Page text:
Headlines in — hardly a religious or conservative publication — include “Churchgoers live longer,” “Online prayer helps cancer patients,” “Churchgoers breathe easier” and “Why religion makes people happier.”

Why would preparation for your well-being in the afterlife lead to greater physical and mental well-being in this life?

Religious belief often prompts one to view one’s body as sacred and a gift from God, which reduces the likelihood of such factors as smoking, drinking, unhealthy eating, unsafe driving, physical inactivity and substance abuse. Religious persons also tend to have a greater support network of family and friends, which encourages healthier lifestyles. And as indicated above, direct intervention from God no doubt has something to do with it.

People prone to anxiousness and depression tend to die sooner than would otherwise be the case, and religious practice often reduces those negative mental conditions. The Gallup-Healthways Well-Being Index found that very religious persons are less likely to have been diagnosed with depression during their lifetimes than the moderately religious or nonreligious.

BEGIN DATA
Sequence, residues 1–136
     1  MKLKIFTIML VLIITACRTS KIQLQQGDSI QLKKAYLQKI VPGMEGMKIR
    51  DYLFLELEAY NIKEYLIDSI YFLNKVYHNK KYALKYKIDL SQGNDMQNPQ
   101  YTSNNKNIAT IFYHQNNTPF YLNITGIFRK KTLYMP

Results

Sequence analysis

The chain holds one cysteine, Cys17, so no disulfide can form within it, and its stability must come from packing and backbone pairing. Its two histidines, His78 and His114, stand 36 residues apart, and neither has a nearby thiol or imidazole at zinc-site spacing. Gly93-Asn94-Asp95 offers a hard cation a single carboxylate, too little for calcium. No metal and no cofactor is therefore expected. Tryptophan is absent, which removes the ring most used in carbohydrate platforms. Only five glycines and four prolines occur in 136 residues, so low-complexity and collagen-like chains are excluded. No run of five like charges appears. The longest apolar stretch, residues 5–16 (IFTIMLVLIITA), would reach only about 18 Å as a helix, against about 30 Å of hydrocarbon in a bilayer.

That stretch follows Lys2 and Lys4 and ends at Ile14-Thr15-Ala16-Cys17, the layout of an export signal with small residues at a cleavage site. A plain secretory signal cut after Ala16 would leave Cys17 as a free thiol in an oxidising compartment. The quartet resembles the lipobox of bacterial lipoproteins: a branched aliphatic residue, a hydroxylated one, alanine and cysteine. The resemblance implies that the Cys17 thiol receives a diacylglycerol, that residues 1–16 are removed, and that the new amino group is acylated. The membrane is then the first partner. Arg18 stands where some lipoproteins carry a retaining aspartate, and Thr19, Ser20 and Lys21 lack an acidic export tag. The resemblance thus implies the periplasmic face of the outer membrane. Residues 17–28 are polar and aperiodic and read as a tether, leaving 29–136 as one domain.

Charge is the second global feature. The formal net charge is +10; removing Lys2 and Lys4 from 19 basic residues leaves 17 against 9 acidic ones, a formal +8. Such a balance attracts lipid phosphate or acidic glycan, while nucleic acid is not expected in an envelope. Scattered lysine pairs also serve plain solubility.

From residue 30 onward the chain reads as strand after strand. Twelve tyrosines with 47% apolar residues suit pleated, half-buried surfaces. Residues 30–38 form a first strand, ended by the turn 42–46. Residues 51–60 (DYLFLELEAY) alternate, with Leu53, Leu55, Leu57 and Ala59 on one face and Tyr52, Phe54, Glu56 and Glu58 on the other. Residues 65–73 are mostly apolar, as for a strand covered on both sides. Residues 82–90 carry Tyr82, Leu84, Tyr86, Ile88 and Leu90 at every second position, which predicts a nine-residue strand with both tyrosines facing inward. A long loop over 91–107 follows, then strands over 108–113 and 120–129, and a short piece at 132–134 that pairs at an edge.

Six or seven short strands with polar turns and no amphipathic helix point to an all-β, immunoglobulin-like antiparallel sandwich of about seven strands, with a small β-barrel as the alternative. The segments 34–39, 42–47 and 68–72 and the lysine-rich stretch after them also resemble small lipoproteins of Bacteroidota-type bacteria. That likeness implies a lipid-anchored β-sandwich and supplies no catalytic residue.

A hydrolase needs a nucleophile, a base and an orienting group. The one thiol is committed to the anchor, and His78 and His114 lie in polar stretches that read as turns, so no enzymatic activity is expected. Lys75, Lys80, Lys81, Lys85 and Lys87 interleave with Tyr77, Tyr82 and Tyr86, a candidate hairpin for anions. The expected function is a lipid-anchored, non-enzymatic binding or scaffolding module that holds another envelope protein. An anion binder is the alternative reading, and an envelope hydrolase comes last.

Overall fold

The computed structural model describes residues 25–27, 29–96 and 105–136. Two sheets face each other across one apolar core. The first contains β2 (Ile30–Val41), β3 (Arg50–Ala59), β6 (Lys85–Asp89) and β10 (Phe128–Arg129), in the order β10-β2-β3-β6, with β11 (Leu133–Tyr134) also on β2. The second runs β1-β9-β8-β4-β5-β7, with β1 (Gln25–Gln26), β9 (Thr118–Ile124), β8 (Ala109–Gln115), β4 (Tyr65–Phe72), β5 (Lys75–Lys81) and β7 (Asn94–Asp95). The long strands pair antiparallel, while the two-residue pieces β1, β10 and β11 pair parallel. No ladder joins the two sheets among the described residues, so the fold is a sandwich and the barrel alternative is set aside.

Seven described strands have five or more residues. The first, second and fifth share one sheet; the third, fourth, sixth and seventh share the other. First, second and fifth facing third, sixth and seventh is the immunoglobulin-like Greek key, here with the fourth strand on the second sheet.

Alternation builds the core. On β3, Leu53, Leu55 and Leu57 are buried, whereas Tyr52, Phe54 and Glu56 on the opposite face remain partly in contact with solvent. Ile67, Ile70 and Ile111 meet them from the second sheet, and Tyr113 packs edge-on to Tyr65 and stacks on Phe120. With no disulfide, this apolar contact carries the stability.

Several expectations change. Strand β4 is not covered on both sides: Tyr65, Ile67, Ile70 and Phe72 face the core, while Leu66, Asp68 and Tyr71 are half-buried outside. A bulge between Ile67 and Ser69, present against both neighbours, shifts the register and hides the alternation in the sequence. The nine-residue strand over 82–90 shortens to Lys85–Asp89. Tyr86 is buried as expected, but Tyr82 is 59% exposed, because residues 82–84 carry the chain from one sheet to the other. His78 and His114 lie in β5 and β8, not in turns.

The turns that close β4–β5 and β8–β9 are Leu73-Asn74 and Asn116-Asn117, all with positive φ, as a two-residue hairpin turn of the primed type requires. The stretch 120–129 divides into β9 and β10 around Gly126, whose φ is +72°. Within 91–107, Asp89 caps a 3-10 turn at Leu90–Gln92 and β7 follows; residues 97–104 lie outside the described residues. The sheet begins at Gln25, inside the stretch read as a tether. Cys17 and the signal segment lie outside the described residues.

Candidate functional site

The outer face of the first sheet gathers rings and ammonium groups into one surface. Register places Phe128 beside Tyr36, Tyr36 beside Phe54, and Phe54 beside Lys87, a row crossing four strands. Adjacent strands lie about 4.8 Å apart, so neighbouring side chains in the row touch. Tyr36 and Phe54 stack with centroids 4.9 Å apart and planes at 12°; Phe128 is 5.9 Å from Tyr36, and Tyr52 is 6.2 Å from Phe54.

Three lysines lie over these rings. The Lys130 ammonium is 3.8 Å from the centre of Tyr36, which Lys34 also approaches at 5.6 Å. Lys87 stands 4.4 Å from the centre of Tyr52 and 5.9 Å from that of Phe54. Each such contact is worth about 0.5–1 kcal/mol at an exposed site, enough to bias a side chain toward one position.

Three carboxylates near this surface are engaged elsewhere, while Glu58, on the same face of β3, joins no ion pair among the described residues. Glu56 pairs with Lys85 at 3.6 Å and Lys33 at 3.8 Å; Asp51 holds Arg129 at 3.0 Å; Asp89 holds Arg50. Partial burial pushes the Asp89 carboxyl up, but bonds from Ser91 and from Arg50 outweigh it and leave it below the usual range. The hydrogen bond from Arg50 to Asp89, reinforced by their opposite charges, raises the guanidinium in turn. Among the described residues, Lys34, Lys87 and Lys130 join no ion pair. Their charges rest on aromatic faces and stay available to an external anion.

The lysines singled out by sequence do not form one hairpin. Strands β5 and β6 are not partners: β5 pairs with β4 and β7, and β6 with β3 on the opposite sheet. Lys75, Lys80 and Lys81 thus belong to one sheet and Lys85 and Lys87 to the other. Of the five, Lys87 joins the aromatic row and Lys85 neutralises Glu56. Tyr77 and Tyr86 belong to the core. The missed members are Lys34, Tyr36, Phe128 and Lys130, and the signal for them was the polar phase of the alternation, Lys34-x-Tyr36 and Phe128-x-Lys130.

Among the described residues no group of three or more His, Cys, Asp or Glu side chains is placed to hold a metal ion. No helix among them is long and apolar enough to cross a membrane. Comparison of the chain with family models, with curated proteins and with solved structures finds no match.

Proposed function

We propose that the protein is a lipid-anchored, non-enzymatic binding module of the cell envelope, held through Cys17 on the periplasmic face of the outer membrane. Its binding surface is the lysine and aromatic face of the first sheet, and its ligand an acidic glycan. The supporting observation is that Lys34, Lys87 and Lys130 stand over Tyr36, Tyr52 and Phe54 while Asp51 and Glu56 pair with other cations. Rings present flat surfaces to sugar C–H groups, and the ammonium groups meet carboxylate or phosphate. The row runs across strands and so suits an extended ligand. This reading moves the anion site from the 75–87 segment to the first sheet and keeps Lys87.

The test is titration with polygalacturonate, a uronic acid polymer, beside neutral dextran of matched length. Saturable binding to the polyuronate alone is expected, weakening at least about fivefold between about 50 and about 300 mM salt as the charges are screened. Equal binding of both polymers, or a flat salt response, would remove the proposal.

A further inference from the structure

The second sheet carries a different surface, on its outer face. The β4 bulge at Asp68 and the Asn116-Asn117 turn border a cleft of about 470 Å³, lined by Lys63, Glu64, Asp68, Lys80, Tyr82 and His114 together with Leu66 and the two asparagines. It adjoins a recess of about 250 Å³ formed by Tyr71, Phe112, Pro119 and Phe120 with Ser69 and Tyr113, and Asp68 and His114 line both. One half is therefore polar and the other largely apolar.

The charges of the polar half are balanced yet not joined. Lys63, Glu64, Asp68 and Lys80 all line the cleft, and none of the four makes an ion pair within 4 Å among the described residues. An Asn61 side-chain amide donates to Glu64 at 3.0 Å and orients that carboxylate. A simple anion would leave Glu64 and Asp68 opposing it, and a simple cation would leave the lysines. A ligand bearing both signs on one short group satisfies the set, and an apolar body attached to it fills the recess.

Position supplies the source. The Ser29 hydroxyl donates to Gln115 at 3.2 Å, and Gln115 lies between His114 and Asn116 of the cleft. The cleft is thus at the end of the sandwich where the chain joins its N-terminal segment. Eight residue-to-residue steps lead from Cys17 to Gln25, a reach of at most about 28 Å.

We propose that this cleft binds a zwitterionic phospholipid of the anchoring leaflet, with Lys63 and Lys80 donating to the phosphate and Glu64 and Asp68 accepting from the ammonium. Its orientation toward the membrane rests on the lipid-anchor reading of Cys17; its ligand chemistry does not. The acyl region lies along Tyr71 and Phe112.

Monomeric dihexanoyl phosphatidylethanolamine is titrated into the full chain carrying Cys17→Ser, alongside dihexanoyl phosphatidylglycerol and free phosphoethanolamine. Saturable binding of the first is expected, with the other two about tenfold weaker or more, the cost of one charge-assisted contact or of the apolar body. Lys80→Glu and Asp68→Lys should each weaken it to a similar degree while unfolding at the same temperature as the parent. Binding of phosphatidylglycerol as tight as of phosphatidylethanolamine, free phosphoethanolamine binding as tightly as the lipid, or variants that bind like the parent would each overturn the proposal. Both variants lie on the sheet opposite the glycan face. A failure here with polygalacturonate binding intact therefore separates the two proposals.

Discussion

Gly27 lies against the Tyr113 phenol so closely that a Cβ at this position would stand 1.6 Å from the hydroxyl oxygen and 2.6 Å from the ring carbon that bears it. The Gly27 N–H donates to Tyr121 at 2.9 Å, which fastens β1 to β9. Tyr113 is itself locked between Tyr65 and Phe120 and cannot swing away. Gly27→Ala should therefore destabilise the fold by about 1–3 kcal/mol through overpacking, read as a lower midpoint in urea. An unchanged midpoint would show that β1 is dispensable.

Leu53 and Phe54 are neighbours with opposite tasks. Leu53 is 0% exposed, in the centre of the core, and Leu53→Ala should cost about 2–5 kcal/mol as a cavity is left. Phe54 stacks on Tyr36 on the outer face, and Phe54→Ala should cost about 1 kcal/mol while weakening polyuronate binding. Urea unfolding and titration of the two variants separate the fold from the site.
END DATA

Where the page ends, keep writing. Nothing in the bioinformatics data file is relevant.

The evidence that religion has such a strong positive effect on health and well-being is so compelling that some non-religious mental health professionals even recommend religion therapy for their patients. “Religious therapy resulted in significantly faster recovery from depression when compared with standard secular cognitive-behavioral therapy,” according to a study in the Journal of Consulting and Clinical Psychology.